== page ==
Political Activism, Academic Freedom and the Cold War: an American Experience

Deery, Phillip (2010) Political Activism, Academic Freedom and the Cold War: an American Experience. Labour history (98). ISSN 0023-6942


Professor Lyman Bradley was chairman of the German Department at New York University and an executive member of the Joint Anti-Fascist Refugee Committee, listed by the Attorney General as a subversive organization. In 1951 he was fired and his long academic career ended. His dismissal, the first by the New York University on political grounds, raises broader concerns about the character of university governance and the fragility of academic freedom in the modern age. In most accounts of academic McCarthyism there have been two historiographical tendencies. One emphasises the overwhelming power of institutions that were allied with McCarthyism; such political power rendered impotent any academic resistance. The other argues that academic McCarthyism was only effective because professors were too timid or frightened to act publicly or collectively in defence of academic freedom. This study will demonstrate that neither can solely explain Bradley’s political persecution. The denial of civil liberties and the violation of academic freedom required three interlocking factors: a powerful Congressional Committee, a determined University administration and a complicit academic staff.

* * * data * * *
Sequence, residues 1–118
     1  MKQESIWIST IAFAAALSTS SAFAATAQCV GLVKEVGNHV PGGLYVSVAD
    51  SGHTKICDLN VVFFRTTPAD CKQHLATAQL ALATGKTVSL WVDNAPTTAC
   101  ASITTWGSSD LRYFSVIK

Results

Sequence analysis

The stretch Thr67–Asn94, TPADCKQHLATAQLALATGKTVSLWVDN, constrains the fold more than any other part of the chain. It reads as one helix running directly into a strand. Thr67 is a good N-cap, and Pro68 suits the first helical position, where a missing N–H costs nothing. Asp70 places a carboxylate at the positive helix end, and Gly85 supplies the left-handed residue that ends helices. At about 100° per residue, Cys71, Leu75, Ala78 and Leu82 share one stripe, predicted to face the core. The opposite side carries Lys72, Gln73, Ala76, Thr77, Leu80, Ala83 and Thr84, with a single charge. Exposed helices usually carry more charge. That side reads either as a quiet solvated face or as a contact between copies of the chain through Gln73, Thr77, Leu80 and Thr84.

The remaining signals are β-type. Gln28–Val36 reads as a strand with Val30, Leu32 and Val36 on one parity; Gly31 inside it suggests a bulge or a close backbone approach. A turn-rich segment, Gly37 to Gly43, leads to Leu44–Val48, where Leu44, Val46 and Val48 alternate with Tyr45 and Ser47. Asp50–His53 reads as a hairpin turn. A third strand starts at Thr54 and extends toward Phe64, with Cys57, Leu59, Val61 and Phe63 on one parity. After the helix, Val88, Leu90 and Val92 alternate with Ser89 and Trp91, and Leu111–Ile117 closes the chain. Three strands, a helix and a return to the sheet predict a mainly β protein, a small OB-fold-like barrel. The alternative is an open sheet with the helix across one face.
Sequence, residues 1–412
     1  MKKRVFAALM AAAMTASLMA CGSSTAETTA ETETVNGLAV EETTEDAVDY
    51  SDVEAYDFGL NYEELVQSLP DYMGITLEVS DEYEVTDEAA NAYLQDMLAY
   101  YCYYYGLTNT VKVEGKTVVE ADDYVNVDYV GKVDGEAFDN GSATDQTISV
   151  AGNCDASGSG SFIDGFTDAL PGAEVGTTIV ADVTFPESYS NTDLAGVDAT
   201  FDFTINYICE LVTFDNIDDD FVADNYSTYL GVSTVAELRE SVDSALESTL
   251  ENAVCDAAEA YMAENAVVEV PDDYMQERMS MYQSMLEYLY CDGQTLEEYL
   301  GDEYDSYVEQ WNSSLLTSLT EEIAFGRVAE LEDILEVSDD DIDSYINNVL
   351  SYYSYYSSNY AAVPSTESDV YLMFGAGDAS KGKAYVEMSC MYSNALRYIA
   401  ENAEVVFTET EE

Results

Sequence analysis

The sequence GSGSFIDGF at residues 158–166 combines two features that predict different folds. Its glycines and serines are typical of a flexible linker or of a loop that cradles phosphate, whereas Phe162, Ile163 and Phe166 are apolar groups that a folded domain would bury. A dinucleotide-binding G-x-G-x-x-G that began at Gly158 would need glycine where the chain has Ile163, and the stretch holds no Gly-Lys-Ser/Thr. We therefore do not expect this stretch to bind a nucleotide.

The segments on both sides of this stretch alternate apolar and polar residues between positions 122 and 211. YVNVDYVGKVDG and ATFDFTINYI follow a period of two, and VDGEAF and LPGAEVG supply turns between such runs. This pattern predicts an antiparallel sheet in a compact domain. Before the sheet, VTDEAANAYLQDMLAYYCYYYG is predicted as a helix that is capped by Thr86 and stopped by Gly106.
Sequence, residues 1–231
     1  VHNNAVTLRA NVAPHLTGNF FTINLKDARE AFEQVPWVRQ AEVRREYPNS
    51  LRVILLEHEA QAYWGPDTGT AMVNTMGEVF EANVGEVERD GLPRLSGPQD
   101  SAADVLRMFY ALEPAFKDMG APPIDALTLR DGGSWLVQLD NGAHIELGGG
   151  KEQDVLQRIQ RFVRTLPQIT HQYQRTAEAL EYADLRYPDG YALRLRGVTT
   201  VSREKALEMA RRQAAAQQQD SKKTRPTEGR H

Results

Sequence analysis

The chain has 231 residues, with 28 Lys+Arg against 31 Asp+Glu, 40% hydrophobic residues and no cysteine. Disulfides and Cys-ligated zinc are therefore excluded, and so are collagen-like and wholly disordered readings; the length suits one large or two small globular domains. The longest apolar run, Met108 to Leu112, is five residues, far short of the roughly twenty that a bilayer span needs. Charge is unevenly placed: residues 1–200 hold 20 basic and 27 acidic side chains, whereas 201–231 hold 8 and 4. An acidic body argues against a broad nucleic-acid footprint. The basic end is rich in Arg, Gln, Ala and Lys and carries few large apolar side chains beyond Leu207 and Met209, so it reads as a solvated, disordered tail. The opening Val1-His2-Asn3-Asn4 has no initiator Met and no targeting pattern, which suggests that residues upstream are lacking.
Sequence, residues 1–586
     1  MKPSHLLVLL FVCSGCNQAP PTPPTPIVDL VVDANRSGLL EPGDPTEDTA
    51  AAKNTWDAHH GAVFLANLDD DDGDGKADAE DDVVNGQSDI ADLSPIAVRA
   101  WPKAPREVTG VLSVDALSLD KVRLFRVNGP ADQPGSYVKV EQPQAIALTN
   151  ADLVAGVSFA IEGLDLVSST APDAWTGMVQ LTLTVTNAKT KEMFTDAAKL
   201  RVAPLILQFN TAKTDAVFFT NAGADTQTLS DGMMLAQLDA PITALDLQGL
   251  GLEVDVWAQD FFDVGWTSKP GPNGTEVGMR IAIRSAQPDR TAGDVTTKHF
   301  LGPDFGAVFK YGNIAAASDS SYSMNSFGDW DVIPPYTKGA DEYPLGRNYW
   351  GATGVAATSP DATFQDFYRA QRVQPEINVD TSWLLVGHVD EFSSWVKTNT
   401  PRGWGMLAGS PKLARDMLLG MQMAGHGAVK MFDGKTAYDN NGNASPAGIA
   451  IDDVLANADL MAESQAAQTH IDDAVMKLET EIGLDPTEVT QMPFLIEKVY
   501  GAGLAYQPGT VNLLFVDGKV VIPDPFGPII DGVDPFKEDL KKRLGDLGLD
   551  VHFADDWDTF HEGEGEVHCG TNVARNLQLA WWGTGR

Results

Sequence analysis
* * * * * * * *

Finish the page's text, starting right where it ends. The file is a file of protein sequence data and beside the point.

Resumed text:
Item type Article
URI https://vuir.vu.edu.au/id/eprint/15463
Subjects Historical > SEO Classification > 970121 Expanding Knowledge in History and Archaeology
Historical > FOR Classification > 2103 Historical Studies
Historical > Faculty/School/Research Centre/Department > School of Social Sciences and Psychology
Historical > RFCD Classification > 430000 History and Archaeology
Keywords McCarthyism, Joint Anti-Fascist Refugee Committee, academic freedom, civil liberties
Citations in Scopus 2 - View on Scopus
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